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Developer-centric version control considered harmful

by Martin Aspeli last modified Jul 27, 2010 09:16 AM

Why you shouldn't host things under your own name if you care about others using it

Git is definitely the flavour of the month when it comes to version control systems. In a relatively short space of time, it's attained quite substantial mindshare. I think this has a lot to do with GitHub. And I think GitHub's success has a lot to do with its friendly, inviting user interface. It's a great service, and it's managed to become a de-facto home for Git repositories for a lot of people.

The great strength of Git - enhanced by GitHub - is that it allows people to put up their own repositories very easily. As a developer, I have a natural home for all manner of personal projects, and a great tool chain around them, including a Wiki and an issue tracker.

So what's the problem? Consider this URL:

http://github.com/optilude/some-project

Notice that my (user)name is in the URL.

Once the project outgrows my own tinkering, I may have some contributors, who want to tinker on their own. Git and GitHub encourage this kind of thing. They can fork my project with just one click. But now there are multiple versions of the repository (and the wiki and the issue tracker), and no-one can really be too sure which one to use.

There are lots of potential problems with this, with lots of potential solutions. Let's think about a few scenarios.

  • Someone else forks my repository and tinkers a bit. They then email me to ask me to pull their changes into my repository. If I have the time and inclination (and read my email), that may bring us back to one canonical version. However, in time, there is a single point of failure on me as the maintainer. At some point, I may stop caring or get too busy to follow up.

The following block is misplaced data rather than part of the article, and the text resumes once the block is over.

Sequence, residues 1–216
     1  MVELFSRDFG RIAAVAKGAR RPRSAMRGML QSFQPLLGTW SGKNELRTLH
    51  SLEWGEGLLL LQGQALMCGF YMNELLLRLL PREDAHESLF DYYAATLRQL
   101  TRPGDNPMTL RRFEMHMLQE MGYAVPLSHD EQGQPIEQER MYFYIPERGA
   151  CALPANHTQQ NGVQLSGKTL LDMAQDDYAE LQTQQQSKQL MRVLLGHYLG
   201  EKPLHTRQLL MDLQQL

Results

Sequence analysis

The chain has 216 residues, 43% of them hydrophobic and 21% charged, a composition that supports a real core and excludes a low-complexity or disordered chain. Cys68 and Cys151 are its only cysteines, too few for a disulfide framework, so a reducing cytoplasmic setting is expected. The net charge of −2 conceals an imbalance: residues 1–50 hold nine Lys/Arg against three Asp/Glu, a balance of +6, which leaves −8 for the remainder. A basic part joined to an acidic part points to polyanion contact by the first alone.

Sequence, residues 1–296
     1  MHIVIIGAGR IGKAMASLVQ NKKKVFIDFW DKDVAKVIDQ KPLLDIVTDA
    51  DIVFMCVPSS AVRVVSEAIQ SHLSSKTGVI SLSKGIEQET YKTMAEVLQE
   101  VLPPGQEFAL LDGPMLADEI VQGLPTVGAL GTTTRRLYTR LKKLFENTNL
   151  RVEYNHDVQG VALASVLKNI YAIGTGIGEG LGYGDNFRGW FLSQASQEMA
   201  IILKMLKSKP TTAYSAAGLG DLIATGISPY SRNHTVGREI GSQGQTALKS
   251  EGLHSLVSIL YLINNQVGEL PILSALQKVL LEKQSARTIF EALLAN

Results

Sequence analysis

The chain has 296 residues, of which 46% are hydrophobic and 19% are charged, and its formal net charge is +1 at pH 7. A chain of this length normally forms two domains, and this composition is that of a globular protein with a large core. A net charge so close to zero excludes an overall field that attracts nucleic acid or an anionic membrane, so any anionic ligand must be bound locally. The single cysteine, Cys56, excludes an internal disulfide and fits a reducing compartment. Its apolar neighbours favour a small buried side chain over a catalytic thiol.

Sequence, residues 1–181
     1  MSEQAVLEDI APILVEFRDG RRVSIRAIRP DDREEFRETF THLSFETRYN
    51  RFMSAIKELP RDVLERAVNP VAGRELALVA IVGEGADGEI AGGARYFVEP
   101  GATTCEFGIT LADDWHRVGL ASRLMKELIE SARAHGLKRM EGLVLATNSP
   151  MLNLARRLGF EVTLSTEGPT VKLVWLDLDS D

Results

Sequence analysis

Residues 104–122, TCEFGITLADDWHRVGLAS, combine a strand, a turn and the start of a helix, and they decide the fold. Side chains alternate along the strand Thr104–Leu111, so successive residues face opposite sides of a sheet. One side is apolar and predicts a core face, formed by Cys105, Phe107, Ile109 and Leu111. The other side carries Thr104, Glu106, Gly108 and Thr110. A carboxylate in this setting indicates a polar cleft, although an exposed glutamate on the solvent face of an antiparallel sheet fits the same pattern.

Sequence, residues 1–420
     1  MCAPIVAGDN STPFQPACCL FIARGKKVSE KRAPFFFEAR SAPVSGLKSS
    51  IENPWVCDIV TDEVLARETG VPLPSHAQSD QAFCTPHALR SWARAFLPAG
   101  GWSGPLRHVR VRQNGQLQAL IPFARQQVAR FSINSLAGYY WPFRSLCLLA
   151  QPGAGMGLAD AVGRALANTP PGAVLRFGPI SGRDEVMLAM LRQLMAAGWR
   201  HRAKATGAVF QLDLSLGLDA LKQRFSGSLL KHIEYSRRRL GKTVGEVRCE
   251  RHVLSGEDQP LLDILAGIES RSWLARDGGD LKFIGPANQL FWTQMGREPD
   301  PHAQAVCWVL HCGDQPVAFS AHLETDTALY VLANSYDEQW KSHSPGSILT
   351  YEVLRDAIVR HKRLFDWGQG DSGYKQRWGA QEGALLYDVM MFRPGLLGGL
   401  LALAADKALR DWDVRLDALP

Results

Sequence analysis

• Here, Git has an answer: anyone can fork my repository and take over ownership. This is powerful and adds fault tolerance to the "single maintainer" model. But socially, it is dubious. Who really controls development? Who has a right to publish a new release? What if I come back after a few months and decide I wanted to own the project all along? We now need to reconcile the two forks. This may be tricky. Perhaps we don't do it. People now have to figure out which one of two versions of the software to "bet" on. This is onerous, and likely to deter other contributors.
  • Let's say we bring the main line of development back to "my" repository. Once again, I have to commit a lot of time to reviewing and pulling in changes. Maybe I fall behind. So another user comes around and wants to work a bit. Which one of the two trees does he fork? Which ones does he pull in updates for?
  • Perhaps I decide to relinquish control to another developer. I let my GitHub fork die, and expect people to use another one. But how do I manage this? How do I hand over ownership to someone else's account without confusing people who've been using my repository? Or people who stumble upon it in the future?